Native Americans Gather for Plains Indian Sign Language Conference

From August 12th to August 15th, Native Americans from several different Plains Indian tribes will gather at the Northern Cheyenne Reservation in Montana to create a record of a language that is rapidly going extinct: Plains Indian Sign Language, also known as “hand talk.”  Although today it is used by only a few deaf Native Americans, before Europeans arrived in America it was widely used by both the deaf and hearing alike, and was the primary form of communication between tribes that did not share a language. It was also used for story-telling and rituals.

Over time, use of the language declined, replaced by spoken English for hearing tribe members and American Sign Language for deaf children.  According to Wikipedia, in 1885 over 110,000 Native Americans used the language regularly. Now, nobody is even sure how many people understand it, just that the number is tiny. According to the Billings Gazette, conference organizers hope that about 30 sign-talkers will attend the conference.

Ron Garritson, a sign talker who helped do fieldwork for the conference, told the Billings Gazette:

“Being able to carry on a fluent conversation, you’re running pretty short on who can do it. Most were either deaf or had grandparents who were deaf, and they learned the sign talk that way.”

The conference will bring together fluent Plains Indian signers for  the first time in 80 years. The last gathering of Plains Indian sign-talkers was in 1930. Tribal elders were filmed telling stories in hand talk, while a narrator translated the signs into spoken English. The focus of this conference will be on using the language to communicate, but of course linguists and anthropologists will be on hand to record participants signing and create a more complete record of this vanishing language.

The Yurok Language is Supposed to Be Dead

The Yurok Native American tribe has lived in northwestern California along the Pacific coast for centuries. Unlike many  Native American tribes, they still occupy a portion of their original territory and maintain many of their cultural traditions.  Like all tribes, however, their language is in danger.

The Yurok language was supposed to be extinct by now. Decades ago, linguists were predicting it would die out around 2010, along with the last generation that grew up speaking it. In  fact, the last native speaker, Archie Thompson, died last year.

However, Yurok has been making something of a comeback in recent years with aid from an unlikely corner: the local public school system. The New York Times reports that the language is taught as a foreign language in four California public high schools and two elementary schools. The classes are not restricted to Yurok tribe members.

According to Yurok teacher Carole Lewis, this is by design. She told the New York Times:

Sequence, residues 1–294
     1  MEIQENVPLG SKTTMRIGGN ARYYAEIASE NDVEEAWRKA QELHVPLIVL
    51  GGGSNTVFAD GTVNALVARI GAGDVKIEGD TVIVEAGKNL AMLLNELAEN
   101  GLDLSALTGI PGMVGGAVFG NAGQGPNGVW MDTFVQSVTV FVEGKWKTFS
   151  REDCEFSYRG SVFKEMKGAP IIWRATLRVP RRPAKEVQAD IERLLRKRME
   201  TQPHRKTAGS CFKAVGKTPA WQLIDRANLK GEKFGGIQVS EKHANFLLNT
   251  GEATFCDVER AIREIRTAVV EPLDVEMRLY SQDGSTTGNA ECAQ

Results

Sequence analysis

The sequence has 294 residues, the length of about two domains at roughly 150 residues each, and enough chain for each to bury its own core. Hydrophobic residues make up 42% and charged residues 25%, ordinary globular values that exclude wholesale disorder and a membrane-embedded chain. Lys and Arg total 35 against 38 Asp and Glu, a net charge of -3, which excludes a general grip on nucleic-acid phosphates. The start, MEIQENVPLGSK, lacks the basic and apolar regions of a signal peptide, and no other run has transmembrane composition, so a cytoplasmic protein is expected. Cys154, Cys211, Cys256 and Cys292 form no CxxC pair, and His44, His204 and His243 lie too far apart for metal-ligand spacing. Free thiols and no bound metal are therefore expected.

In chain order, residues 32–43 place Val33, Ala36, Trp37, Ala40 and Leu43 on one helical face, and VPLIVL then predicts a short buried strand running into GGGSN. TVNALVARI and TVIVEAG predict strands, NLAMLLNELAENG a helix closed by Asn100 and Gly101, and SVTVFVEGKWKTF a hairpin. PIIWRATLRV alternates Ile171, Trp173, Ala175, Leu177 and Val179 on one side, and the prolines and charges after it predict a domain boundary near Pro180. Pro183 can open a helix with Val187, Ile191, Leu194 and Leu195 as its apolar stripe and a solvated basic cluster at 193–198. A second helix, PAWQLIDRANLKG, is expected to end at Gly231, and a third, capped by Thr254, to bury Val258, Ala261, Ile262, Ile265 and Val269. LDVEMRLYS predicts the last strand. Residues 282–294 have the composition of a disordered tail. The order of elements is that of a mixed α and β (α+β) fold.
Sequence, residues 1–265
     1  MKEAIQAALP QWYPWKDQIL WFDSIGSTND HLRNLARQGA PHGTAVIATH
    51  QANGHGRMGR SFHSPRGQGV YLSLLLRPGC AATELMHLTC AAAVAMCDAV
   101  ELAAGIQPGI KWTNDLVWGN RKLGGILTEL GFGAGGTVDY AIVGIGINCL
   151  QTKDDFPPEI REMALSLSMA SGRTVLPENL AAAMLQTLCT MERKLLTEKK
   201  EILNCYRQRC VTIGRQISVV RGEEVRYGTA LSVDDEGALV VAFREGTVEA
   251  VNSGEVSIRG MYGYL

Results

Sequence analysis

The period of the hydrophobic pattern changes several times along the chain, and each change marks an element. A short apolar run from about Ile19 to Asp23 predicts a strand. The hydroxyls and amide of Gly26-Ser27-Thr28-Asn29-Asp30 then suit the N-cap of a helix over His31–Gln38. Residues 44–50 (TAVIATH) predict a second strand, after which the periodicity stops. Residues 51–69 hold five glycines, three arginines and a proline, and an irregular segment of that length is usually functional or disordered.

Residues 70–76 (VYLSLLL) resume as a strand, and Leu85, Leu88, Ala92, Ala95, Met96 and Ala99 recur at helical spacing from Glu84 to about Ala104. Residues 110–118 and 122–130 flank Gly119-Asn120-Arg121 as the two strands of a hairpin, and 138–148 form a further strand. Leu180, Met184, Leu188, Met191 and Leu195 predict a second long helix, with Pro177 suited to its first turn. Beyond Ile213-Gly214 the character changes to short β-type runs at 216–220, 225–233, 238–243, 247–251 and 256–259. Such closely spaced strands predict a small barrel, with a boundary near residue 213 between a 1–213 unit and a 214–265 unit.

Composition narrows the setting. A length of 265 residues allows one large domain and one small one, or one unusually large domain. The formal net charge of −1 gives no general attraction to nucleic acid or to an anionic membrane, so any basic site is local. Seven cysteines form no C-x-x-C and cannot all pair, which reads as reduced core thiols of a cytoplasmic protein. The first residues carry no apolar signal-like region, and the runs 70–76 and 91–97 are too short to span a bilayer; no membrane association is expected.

“The generation before me had an advisory group, and they said, ‘We want to teach the Yurok language to anybody who wants to learn it,’ because they were in a place where our language was disappearing off the face of the earth.”

In previous generations, Native American children were punished, often harshly, for speaking their language in school. So, this is a nice reversal.  Rick Jordan, the principal of Eureka High School, told the New York Times:

“A hundred years ago, it was our organizations that were beating the language out of folks, and now we’re trying to re-instill it — a little piece of something that’s much bigger than us.”

Yurok is now the most widely taught Native American language in the state of California. Want to hear what it sounds like? Listen to this recording of a traditional story from the University of California, Berkeley.

Photo Credit: Attribution Some rights reserved by Michael Fraley

Dream Inspires Native American Language Activist

Can you imagine hearing the lost language of your ancestors in a dream? Linguist and Wampanoag language activist Jessie Little Doe Baird claims that the inspiration for the Wampanoag Language Reclamation Project she founded came to her in a recurring dream she had as a young woman. She recounted the dream for the Lexington Minuteman:

“People were talking to me and they looked familiar. I knew these people but I didn’t personally know them. I had no idea what they were saying. I was in a place where everything had been burned … purposefully burned. There was a yellow house, and inside, circles of Indian people making circles, chanting. I’m going around this massive room listening,” said Baird. She tried to leave but was blocked. “Someone asked me: ‘What does this mean?’” But it wasn’t in English. “I don’t know,” Baird replied.

The dream inspired Baird to study linguistics at MIT, where she graduated with a Master’s degree in 2000. Read more

Kodiak Alutiiq Speakers Reinvent Their Language

Just last year, the Alutiiq, a group of Native Americans who live on the coasts of Alaska, were in danger of losing their language, the Kodiak dialect of Alutiiq, completely. The dialect is down to about 50 living speakers.

For the past four years, however, the Alutiiq Museum has been working on a project to document and preserve the language. Called Living Words, the project involves talking with and recording the elders who can still speak Alutiiq.

But in addition to documenting the language as it exists today, the Alutiiq are also looking to the future by adding new words.  According to the Kodiak Daily Mirror, tribal elders have been holding “New Words Councils” to create words for modern phenomena like text messages and ATVs. Read more